Creationists Study The Interactions Between Robots And Humanity

By Joelle Renstrom | 7 years ago

nao robotScientists from many disciplines are busy studying the interactions between humans and robots, and trying to discern the impact of such relationships. Whether it’s teaching autistic children, reducing feelings of isolation in space, or using them as proxies, we’re going to be spending more time with robots. Maybe this will lead to Her style scenarios, or perhaps those more reminiscent of Spielberg’s AI. Only time will tell, but that doesn’t stop us from designing studies and trying to predict the effects. Even creationists can’t resist the pull of automatons. aAgroup of fundamentalist Christians has purchased one of those adorable Nao robots and plan to use it to conduct their own study about the effects of robots on humanity.

The South Evangelical Seminary in Matthews, North Carolina gathered $16,000 to make the purchase. They’re the first such organization in the U.S. to study the ethical implications of artificial intelligence. The seminary’s president says students “will be able to delve into the study of robotics, bionics, human enhancement, artificial intelligence and nanotechnology, along with the ethical considerations that arise in each of these arenas.” The school will set up experiments with different groups of various ages and backgrounds then observe their interactions, especially when it comes to receptivity.

Nao’s functionality does provide many opportunities for research and study. It has voice and facial recognition capabilities, including the ability to translate from text and speak in seven languages. It also possesses an impressive range of physical mobility. An early test came when Dr. Kevin Staley, an associate professor of theology who is in charge of the project, brought the robot to a local youth group, where members seemed to bond with the robot and feel bad when it fell over.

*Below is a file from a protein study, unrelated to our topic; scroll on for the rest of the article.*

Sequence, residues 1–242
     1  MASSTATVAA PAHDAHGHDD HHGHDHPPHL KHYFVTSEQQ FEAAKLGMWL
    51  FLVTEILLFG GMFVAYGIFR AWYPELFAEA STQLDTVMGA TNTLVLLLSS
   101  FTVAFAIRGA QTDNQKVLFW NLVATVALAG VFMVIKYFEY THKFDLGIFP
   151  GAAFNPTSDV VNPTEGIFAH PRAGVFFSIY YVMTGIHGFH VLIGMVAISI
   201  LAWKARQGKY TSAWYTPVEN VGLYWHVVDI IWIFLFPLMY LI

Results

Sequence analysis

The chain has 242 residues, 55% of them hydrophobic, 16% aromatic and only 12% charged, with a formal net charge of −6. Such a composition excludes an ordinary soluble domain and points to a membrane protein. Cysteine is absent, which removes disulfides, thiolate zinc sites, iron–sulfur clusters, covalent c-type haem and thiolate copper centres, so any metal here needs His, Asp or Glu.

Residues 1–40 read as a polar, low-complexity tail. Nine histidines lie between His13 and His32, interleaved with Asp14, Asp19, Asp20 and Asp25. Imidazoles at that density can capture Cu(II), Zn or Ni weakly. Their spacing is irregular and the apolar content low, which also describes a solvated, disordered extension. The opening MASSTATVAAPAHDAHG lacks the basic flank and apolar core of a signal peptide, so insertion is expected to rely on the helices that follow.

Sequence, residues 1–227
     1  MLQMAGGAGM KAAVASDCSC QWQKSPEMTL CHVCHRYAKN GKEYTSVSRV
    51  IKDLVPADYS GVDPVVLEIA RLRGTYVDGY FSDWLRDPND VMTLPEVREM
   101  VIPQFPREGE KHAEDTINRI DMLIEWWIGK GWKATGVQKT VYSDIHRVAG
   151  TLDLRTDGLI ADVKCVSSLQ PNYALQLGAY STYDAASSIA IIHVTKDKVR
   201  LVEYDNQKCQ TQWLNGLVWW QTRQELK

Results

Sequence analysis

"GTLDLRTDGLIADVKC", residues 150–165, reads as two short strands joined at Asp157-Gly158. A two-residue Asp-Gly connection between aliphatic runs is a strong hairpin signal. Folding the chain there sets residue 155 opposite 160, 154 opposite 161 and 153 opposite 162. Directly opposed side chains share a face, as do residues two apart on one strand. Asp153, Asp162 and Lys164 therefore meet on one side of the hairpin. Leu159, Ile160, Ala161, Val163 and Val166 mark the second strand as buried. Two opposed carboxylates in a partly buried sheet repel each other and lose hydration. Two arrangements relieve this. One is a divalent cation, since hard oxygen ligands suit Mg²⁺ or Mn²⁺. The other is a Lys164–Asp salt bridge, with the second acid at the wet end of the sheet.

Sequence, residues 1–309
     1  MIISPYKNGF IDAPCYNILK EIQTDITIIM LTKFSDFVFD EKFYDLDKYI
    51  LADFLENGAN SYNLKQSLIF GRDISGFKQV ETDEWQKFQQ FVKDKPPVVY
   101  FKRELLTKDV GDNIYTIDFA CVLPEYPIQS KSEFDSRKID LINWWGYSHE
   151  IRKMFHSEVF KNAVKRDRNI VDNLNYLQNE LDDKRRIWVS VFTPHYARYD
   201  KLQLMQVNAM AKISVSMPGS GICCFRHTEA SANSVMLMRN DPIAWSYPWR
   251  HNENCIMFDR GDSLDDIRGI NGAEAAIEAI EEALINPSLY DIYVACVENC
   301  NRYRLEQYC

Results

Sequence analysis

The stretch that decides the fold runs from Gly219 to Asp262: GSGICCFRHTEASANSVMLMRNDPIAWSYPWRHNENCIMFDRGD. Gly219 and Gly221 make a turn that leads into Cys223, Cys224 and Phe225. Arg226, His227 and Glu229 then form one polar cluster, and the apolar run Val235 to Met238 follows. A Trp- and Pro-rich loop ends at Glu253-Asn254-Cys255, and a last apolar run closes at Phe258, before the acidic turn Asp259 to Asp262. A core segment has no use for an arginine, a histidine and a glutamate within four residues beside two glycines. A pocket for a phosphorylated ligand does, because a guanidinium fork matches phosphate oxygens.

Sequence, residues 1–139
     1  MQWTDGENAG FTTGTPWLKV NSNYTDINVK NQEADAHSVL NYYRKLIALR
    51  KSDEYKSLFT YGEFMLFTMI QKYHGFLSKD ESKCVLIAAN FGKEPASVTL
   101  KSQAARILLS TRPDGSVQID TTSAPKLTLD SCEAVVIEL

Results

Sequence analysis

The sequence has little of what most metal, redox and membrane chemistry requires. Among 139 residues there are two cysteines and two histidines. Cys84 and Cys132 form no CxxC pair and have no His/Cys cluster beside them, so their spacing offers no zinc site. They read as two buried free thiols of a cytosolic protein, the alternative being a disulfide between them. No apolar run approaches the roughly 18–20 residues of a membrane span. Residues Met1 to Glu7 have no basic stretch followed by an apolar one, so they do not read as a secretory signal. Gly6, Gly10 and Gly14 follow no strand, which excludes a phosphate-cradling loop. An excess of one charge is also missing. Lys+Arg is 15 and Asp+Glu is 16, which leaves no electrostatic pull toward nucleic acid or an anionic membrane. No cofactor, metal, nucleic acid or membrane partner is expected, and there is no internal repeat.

Despite the fact that the Bible encourages love, and even says that failure to love is “sin,” Staley says that such emotional responses to robots causes people to “totally withdraw from caring for those in need,” which also constitutes a sin. I’m not sure the two are mutually exclusive. I can feel empathy for a robot while also loving every single person I meet. The seminary also generally believes that the acknowledgement of AI as superior constitutes “idolatry,” and that only God should be granted authority or superiority.

I also find it interesting that the group officially named the robot DAVID (Digitally Advanced Virtual Intelligence Device, after Michelangelo’s creation). Naming only reinforces opportunities for empathy, and personifies the robot, despite the seminary’s belief that only human relationships can bring true fulfillment. They oppose the use of robots to, say, care for the elderly, but if it’s a choice between a robotic telepresence or technological help and neglect or lack of attention, then would they agree that the robot is better than nothing?

Still, there’s no harm in investigating implications and ethics of existing and emerging technology. In fact, it’s essential. And for a seminary to pursue such a cutting-edge study is laudable.

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